When creating our latest collection, GrapHicks, we were clearly, as many others before us, inspired by David Hicks, and most particularly his geometric alphabet. We turned these into a language of dancing letters and added a speedy stripe which became a sort of DH+IH style.
We also considered some of the more memorable David Hicks-isms: “Taste cannot be taught to those who do not sense it” or “To achieve an interesting design, courage is always needed”.
David Hicks certainly never lacked courage or confidence, he once declared, “My favorite decorator is myself.”
As a small child, I asked this dazzling man to write in my little autograph book. In his distinctive writing he left the words “good taste and design are by no means dependent upon money”. I had no idea what that meant.
Always the discerning tastemaker, aged eight years old David Hicks called the local tailor to his parents’ house and commissioned a dinner jacket. The only drawback being he had nowhere to wear the little dinner jacket.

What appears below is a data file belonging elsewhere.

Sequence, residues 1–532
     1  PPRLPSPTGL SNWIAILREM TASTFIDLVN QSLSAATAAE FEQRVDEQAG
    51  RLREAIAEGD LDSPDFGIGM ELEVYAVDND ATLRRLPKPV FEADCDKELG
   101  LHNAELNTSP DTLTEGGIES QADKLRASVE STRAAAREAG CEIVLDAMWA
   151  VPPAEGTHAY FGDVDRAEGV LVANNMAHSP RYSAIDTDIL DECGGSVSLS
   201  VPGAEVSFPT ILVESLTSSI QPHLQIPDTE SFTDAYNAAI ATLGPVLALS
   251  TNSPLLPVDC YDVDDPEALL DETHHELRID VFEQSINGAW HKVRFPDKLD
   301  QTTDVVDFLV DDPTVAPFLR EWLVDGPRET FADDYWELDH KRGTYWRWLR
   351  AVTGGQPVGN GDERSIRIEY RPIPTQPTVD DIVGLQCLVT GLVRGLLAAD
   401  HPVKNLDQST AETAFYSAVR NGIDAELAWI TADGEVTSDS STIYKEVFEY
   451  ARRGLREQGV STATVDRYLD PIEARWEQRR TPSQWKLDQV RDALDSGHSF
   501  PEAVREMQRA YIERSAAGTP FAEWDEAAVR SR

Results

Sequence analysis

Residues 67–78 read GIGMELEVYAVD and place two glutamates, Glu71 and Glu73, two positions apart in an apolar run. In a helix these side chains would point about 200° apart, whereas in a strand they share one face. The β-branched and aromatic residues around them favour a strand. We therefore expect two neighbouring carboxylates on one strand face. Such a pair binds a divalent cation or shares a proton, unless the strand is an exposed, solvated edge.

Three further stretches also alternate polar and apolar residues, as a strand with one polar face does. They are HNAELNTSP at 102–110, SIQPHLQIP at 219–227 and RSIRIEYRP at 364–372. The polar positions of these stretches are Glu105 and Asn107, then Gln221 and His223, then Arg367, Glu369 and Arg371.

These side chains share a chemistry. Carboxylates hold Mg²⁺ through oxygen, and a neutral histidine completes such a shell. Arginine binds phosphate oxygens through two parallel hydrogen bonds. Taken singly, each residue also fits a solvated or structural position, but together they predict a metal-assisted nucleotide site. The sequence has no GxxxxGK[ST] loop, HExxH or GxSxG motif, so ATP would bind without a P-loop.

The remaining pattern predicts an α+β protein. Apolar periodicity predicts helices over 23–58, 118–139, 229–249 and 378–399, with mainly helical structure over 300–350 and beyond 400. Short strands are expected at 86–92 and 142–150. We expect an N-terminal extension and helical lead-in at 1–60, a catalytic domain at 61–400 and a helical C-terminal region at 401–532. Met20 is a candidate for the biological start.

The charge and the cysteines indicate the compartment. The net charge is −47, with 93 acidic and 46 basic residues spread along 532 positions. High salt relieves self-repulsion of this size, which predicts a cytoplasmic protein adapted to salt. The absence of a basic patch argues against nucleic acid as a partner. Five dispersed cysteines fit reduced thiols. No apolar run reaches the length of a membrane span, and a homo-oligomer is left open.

He was truly an individual. He ran over the daffodils that grew outside his library window – they were the wrong shade of yellow. He would rearrange the furniture in the guest room of the surprised friends he was staying with. He designed my mother’s hair, his own funeral and his red heeled dancing shoes.
From houses to gardens, to restaurants, hotels, offices, jewels, and books, he was a master of good taste. This did not make him easy to live with. I know, because he was my father.
Possibly his most memorable Hicks-ism was this, ‘“I really don’t like people very much. They bore me. I like objects.”
He was, and remains to this day, a name to conjure with.
When the New York Times were writing his obituary, they rang my mother for a quote, “I already miss the slamming of doors,” she told them.